Kerry Goldsmith appeared before Maidstone Court on Thursday 8 April 2021 and was told she will have to pay compensation totalling £33,121 to the early years setting, based in Bapchild.
Goldsmith, aged 50, abused her position as treasurer at the school to carry out a series of thefts spanning a period of eight years. Suspicions were initially raised after she had resigned from the voluntary role in June 2018; when an invoice for an entertainer was inspected and it was discovered a party had not taken place. An internal audit revealed further discrepancies and the matter was reported to police.
An investigation was carried out by the Kent and Essex Serious Crime Directorate which examined paperwork and documents including hundreds of invoices and receipts for expense claims. This identified further examples of invoice fraud. Payments were found to have been made from the school for bogus training courses, as well as computer upgrades which had not materialised. Money had also been spent on high value gift cards for staff, who did not receive the described amount.
The full extent of Goldsmith’s offending became clear when the charity’s bank statements were checked. As treasurer she had been permitted to act as a signatory for any cheques issued. It was discovered that, between 2011 and 2018, almost 100 cheques had been written out to herself and a weight loss company she was affiliated with.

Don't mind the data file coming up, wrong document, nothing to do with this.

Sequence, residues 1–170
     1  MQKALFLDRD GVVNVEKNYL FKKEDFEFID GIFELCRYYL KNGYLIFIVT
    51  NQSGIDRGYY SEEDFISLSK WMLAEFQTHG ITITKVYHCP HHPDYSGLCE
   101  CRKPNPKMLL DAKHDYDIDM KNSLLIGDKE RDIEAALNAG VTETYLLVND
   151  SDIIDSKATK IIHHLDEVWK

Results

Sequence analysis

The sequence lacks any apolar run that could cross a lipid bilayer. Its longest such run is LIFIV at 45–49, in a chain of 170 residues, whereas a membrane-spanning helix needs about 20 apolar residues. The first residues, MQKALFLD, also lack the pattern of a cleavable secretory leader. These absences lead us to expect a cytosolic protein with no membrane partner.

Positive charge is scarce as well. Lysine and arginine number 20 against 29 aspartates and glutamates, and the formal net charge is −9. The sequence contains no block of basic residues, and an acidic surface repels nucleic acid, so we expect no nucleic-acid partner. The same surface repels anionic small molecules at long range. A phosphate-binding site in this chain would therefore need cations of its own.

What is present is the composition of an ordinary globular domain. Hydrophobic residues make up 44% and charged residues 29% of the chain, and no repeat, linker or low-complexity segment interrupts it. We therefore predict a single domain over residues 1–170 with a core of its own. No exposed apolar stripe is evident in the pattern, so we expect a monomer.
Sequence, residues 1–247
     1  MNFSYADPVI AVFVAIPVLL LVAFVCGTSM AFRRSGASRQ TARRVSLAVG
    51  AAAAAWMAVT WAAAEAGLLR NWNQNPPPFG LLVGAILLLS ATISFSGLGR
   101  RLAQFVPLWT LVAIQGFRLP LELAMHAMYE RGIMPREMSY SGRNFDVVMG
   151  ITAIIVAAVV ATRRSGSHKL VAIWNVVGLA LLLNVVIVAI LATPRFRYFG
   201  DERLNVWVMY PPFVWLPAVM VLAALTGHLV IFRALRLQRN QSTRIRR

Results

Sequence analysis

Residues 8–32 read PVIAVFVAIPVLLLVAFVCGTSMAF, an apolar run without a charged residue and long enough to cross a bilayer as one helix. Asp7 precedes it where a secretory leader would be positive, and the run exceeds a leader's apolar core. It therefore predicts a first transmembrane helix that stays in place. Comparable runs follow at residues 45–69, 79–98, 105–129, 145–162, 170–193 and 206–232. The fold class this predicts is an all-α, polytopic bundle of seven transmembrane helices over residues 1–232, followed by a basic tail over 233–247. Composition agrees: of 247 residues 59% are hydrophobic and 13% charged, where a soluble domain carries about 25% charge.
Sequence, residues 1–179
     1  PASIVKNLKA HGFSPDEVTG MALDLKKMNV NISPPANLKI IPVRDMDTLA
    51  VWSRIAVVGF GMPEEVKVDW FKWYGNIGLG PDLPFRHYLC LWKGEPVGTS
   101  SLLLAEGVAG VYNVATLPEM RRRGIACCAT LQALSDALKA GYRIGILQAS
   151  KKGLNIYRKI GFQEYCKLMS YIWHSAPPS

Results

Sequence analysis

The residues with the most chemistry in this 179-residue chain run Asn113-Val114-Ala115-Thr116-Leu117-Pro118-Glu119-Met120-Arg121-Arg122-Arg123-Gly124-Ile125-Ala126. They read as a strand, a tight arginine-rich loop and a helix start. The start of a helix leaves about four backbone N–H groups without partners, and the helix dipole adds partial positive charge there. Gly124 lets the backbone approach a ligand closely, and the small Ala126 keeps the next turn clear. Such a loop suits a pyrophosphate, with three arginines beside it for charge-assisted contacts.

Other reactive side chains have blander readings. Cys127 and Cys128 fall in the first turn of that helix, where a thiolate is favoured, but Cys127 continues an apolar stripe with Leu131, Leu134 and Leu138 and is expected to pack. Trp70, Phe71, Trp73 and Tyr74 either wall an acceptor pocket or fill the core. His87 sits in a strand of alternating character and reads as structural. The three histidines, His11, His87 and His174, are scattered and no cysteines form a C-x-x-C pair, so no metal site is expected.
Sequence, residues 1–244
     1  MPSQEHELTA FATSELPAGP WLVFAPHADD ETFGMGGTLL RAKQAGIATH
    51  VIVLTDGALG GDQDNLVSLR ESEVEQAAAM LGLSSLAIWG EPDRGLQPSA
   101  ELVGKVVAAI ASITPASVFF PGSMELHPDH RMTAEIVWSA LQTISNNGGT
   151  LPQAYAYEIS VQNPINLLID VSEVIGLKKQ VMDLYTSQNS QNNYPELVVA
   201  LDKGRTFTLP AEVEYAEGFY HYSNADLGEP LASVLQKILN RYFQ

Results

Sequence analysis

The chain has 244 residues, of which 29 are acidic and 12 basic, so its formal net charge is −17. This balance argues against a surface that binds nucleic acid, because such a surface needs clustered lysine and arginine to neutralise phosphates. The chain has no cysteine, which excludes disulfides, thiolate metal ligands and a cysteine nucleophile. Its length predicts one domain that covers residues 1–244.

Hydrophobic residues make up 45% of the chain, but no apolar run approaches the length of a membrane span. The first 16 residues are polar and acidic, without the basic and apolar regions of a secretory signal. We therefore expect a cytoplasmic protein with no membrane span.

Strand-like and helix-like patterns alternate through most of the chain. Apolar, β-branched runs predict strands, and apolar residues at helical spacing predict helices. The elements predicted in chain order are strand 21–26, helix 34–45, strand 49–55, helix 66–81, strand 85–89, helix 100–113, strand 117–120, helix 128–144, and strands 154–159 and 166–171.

Goldsmith, of Fleetwood Close, Sheerness, pleaded guilty to 26 separate counts, including fraud, false accounting and furnishing false information. On 23 February 2021, Maidstone Crown Court imposed a suspended prison sentence of two years, and a six month curfew order.
Financial investigators from Kent Police then used legislation under the Proceeds of Crime Act to claw back money Goldsmith had illegally obtained. A confiscation hearing was held at Maidstone Crown Court and not contested by Goldsmith. The money has to be paid within three months and failure to do so will result in a default prison sentence of nine months.
Detective Inspector Annie Clayton of the Economic Crime Unit said: ‘Goldsmith was entrusted to look after the financial interests of the school, but instead repeatedly syphoned money by forging invoices, letters and other documents. She has profited by inventing and exaggerating costs and expenses of all kinds, effectively taking money which the school could no doubt ill afford to lose.
‘This ruling has shown once again how important the Proceeds of Crime Act is, in ensuring that crime doesn’t pay. On this occasion the legislation will also ensure that the money can now be used to benefit the children as it was originally intended.’